Continued entries/extra info

[Page 83]
Parish of Belhelvie

Cromlech (Page 7)

"There appear from a thousand remains, both in South and North Britain to have been
two kinds of Druid Altars: the first sort consists of flat stones which are either incumbent, or
upright, the second sort is the Cromlechs, consisting of a large broad Stone, which is supported by
several Stones, that are usually placed upon their respective edges. Of the first kind there are numerous
examples, in every district of North Britain, as we have seen. The Cromlechs are equally numerous,
and still more remarkable. And both these sorts of altars are generally connected with Druid Circles, or
other Druid works, though the Cromlechs sometimes appear alone, in some sequestered place, which
may have been sheltered by the sacred grove, while the Caledonian forest yet covered the Caledonian
"The term Cromlech is brought by Rowland, from Babel, in the form of Cæræm-lech or Cærem-luach, a devoted stone or
altar. (Mon. Antiq. P. 47) which is quoted by the learned author of the Munimenta. Antiq. V. [Volume] 1. P.230-58-59. This elaborate antiquary also quotes an Etymon of the Cromlech, which is supposed to have been given by a Scots highlander, in the Gent Mag. 1792. P. 695, and
which consists of Crom bent or crooked, and lech, that is supposed, by the highlander, to be a corruption of Clach, a stone, thus,
Cromlech was conjectured to be the stone, which was to be bowed towards, or the stone of adoration. Borlase P. 225, says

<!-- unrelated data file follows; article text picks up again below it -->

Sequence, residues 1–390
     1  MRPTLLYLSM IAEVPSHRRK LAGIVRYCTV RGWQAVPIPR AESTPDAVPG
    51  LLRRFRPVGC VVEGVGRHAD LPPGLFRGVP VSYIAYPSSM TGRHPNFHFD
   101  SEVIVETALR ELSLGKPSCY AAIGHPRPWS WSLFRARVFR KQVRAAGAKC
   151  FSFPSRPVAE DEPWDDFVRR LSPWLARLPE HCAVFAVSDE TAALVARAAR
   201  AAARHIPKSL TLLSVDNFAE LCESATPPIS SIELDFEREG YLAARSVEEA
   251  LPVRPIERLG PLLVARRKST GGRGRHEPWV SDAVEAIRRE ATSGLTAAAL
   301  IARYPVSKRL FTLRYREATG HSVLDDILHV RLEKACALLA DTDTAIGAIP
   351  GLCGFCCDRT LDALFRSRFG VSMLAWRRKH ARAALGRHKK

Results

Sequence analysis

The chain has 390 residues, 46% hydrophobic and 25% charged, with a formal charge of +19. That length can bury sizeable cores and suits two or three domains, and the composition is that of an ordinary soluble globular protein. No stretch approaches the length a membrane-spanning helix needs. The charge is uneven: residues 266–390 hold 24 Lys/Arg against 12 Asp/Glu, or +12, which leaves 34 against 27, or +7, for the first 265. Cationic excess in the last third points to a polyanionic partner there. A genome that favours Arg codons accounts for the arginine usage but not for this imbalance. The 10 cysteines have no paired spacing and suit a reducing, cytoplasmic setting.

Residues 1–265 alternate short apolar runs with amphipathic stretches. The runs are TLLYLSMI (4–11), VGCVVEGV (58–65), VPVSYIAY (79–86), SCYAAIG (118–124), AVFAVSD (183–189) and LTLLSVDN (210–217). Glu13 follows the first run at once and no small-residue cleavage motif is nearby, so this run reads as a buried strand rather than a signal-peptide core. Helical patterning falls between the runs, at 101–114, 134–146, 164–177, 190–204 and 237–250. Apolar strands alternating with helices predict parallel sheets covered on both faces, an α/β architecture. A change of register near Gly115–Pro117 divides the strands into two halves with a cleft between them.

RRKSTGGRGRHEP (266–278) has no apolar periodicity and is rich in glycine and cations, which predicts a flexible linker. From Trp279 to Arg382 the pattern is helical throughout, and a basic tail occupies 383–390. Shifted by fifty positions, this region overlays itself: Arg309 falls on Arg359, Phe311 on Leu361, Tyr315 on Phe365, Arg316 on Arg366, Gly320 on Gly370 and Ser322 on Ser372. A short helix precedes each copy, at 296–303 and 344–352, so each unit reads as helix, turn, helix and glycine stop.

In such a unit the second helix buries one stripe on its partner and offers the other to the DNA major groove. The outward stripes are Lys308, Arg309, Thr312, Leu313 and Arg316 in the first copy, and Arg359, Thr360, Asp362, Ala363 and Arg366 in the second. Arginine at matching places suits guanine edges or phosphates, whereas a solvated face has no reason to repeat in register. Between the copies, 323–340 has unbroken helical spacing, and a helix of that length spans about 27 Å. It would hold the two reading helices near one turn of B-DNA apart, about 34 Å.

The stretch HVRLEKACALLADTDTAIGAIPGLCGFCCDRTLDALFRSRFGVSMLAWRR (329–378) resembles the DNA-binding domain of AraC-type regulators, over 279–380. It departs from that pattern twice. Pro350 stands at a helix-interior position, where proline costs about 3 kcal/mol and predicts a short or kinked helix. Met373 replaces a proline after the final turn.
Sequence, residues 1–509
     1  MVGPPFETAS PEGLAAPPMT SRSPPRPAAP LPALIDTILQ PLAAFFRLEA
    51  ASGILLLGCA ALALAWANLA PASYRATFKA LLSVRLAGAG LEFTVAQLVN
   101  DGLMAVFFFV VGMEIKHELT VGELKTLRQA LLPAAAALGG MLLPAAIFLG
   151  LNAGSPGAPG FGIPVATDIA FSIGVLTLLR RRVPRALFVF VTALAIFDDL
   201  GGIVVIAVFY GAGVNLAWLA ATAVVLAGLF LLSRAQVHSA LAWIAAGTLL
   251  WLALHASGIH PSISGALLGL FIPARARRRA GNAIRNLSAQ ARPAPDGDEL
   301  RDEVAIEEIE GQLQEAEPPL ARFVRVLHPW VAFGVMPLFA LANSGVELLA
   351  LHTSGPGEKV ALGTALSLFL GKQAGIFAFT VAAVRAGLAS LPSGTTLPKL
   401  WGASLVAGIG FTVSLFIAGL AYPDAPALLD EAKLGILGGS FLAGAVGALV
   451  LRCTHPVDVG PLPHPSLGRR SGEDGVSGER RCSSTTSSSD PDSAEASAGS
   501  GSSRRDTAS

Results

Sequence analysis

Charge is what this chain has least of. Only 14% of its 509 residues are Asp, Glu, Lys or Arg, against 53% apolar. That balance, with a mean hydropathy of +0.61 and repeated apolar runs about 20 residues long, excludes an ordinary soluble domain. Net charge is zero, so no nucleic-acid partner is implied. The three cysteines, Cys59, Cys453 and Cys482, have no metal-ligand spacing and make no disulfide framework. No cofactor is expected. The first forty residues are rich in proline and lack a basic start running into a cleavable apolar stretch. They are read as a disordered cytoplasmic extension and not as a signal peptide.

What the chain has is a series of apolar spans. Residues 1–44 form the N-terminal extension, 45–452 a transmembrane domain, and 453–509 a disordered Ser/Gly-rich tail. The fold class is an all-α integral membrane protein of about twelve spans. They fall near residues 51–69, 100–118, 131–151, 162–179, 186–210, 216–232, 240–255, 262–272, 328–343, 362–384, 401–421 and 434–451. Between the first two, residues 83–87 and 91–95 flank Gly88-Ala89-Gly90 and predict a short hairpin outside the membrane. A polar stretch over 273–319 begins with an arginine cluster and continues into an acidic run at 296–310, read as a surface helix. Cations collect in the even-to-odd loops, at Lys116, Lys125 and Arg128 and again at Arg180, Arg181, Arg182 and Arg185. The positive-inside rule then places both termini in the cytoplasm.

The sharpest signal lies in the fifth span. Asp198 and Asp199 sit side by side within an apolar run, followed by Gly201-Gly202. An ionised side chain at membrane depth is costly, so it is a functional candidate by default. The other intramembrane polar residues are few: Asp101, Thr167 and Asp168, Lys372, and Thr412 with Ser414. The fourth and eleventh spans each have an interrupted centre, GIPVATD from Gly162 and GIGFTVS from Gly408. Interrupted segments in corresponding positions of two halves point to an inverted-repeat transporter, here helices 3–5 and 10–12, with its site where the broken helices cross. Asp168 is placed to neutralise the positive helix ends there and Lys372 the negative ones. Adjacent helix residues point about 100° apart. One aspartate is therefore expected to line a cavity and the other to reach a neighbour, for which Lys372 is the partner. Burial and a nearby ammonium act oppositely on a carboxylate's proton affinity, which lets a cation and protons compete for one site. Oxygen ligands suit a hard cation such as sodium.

the general name for this stone among the learned, is Cromlech, or Crooked Stone; the upper stone being generally of a convex or swelling surface, and resting in a crooked position: Borlase adds in a note, that Crom, in the Cornish, signifies crooked, and Crymmy bending, bowing; whence Toland, and others, have conjectured, these singular erections were called Cromlech, from the reverence which persons, bowing
in the act of adoration, paid to them, None of these, however, have given the true, and proper, interpretation of the term Cromlech. Crom, both in the British and Irish, undoubtedly signifies bent, inclined; and Cromadh, bending, inclining; and Llech (Brit) and Leac (Irish)
mean a flat stone, as we learn from Davies and O'Brien: whence, Crom-lech literally signifies the inclined flat stone; and certainly
is, like most other Celtic names descriptive of the thing, to which it is applied; the top stone of all the Cromlechs being a flat stone,
that had been designedly placed in an inclined position. The conjecture of the Scots highlander of Toland, and of others as above
mentioned, of the Cromlech being the stone of adoration does not agree with the fact; as the Cromlechs were not constructed for objects of

Transcriber's notes

Continues on OS1/1/8/84 page 84.

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Kate51- Moderator, Orcadian Lynelle, klpoole

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